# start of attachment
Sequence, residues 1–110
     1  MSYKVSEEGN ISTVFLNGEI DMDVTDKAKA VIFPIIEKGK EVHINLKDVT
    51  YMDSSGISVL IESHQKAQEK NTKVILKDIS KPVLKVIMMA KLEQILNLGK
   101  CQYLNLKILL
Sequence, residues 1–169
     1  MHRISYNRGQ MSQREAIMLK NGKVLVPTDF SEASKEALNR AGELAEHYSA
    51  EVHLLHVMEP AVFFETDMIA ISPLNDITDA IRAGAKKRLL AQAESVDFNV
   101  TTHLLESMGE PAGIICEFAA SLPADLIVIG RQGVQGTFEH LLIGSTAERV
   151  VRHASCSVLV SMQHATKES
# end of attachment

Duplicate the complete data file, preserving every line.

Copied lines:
Sequence, residues 1–110
     1  MSYKVSEEGN ISTVFLNGEI DMDVTDKAKA VIFPIIEKGK EVHINLKDVT
    51  YMDSSGISVL IESHQKAQEK NTKVILKDIS KPVLKVIMMA KLEQILNLGK
   101  CQYLNLKILL
Sequence, residues 1–169
     1  MHRISYNRGQ MSQREAIMLK NGKVLVPTDF SEASKEALNR AGELAEHYSA
    51  EVHLLHVMEP AVFFETDMIA ISPLNDITDA IRAGAKKRLL AQAESVDFNV
   101  TTHLLESMGE PAGIICEFAA SLPADLIVIG RQGVQGTFEH LLIGSTAERV
   151  VRHASCSVLV SMQHATKES